Precious they are not. Unlike so many other glass artists, Gene Koss could never be accused of producing works that were in any way frail, overly ornamental or unnecessarily delicate, and that may be a mixed blessing in a medium long associated with the Venetian predilection for frou-frou. But Venice is a world away from the upper Midwest where Gene Koss' vision originated, and this 30-year retrospective offers an insightful overview of the work of an artist and teacher whose efforts were instrumental in establishing New Orleans as a hot spot in the world of art glass.
Raised on a Wisconsin dairy farm, Koss never lost sight of his roots in the land and the machines that worked it. Consequently, his bold, often minimal and sometimes massive glass and steel concoctions have a uniquely American, yet oddly surreal, quality about them, a sense of being both familiar and slightly alien. All of these traits are epitomized in Amish, an emblematic work that initially suggests an archaic farm machine, perhaps a wheeled rake. Based on a series of simple steel s-curves -- even the spokes of the wheels comprise a serpentine pinwheel pattern -- Amish harks to an earlier industrial era when steel was invested with poetry. But Koss extends the metaphor by inserting colored glass bricks between the curved rake blades to form a kind of canopy. Each of the glass rectangles is inscribed with cryptic designs and textures that suggest some whimsical commentary, like miniature Rosetta Stones refracting enigmatic patterns of light. The piece itself is big, nearly 10 feet across, and heavy (Koss sculptures sometimes weigh as much as 8 tons), yet the effect is hallucinatory, paradoxical for its mingling of the heft of metal and the lightness of dreams.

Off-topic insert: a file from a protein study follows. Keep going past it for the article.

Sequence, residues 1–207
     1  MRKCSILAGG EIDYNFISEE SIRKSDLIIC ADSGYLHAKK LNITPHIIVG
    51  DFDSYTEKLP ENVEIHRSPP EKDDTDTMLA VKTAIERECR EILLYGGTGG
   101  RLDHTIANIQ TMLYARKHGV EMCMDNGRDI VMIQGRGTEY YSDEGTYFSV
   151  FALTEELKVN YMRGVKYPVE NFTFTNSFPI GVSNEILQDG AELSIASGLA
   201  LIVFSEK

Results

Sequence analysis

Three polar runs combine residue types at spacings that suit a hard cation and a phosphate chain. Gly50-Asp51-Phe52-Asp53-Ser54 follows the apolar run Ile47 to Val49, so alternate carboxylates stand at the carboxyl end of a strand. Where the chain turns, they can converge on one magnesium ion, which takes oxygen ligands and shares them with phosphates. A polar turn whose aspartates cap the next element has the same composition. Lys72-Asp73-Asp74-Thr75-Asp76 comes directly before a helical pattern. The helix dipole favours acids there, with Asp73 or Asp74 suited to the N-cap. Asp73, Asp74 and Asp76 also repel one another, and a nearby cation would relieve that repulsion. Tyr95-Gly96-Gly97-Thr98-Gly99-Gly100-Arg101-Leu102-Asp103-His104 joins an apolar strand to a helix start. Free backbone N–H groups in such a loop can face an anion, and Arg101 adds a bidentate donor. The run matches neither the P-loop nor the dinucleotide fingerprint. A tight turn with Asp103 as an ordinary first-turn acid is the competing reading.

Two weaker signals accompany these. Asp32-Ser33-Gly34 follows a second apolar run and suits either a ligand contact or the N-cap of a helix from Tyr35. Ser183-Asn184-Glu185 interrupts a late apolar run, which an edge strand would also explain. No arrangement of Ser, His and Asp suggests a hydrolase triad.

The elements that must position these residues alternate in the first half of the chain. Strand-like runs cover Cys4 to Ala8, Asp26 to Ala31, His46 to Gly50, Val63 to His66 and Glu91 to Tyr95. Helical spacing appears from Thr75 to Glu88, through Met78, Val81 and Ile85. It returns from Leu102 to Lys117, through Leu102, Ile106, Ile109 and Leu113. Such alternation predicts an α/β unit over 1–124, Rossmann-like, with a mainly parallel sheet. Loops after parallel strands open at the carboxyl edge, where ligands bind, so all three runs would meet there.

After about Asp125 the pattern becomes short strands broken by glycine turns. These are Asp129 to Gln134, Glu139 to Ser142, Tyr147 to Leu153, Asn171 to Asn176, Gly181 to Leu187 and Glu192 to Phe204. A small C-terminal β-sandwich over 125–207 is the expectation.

Timber is even bigger, 14-feet tall and 16-feet long, yet it couldn't be much simpler. Here a massive, squared off wooden beam of the sort used in 19th century warehouses is mounted at an odd angle to a heavy steel armature on the floor, like those brackets that secure steel I-beams in skyscrapers. Counterbalancing the tilting timber is a horizontal beam comprised of glass -- actually square segments of glass -- and lighted from within. The resulting work is almost as minimal as anything by Richard Serra, yet more organic owing to the imposing character of the wood, and also more fanciful because of the oddly dreamy way that glowing, electrically illuminated glass comes across to our eyes and imagination.
So something that might have seemed foreboding and inert has this aura, a cool and icy aura to be sure, but an aura nonetheless, with all the associations of epiphany and annunciation that implies. Rather than simply a formal, modern, minimalist challenge to our senses in the manner of Serra or Donald Judd, this piece also reads like a totem of sorts, a tribute to the old gods of industry and travail and their pre-virtual reality where things actually were what they seemed and work required real labor. Even smaller pieces such as Sculpture on the Ridge III, a modernist, deco-looking concoction of circles and rods like an outsized, Olympian-wheeled pizza cutter, reflects this mythic, Vulcan-like sensibility. If much of this alludes to the hand of man and the power of the land as factors shaping his work, his Ridge Road Climb series is a rather abstract, almost metaphysical, exception. Here glass appears as frozen globs of light imbued with ambient luminosity and subtle exterior markings and messages. In Ridge Road Climb, 1997, a softly rounded tablet of glass like flowing water frozen in time appears utterly clear except for a wispy tracery of blue floating near the top and some feint lines and obscure writing etched on the surface. Here the elemental fluidity of glass seems to reflect the human need for ascendance or transcendence, that "climb" Koss alludes to in the title, the spark behind all that earthly effort. Also on view are his sketch books where colorful drawings further elaborate the vision and thought processes behind the work. It's a nice touch that, with the Ridge Road Climb series, provides a buoyant counterpoint to the sheer heft of works in which the sweat of the brow and the lay of the land are emphatically implicit, and gravity is an unavoidable force to be reckoned with.
- Gene Koss' Timber may be large but it is utterly simple, counterbalancing the tilting timber with a horizontal beam of glass.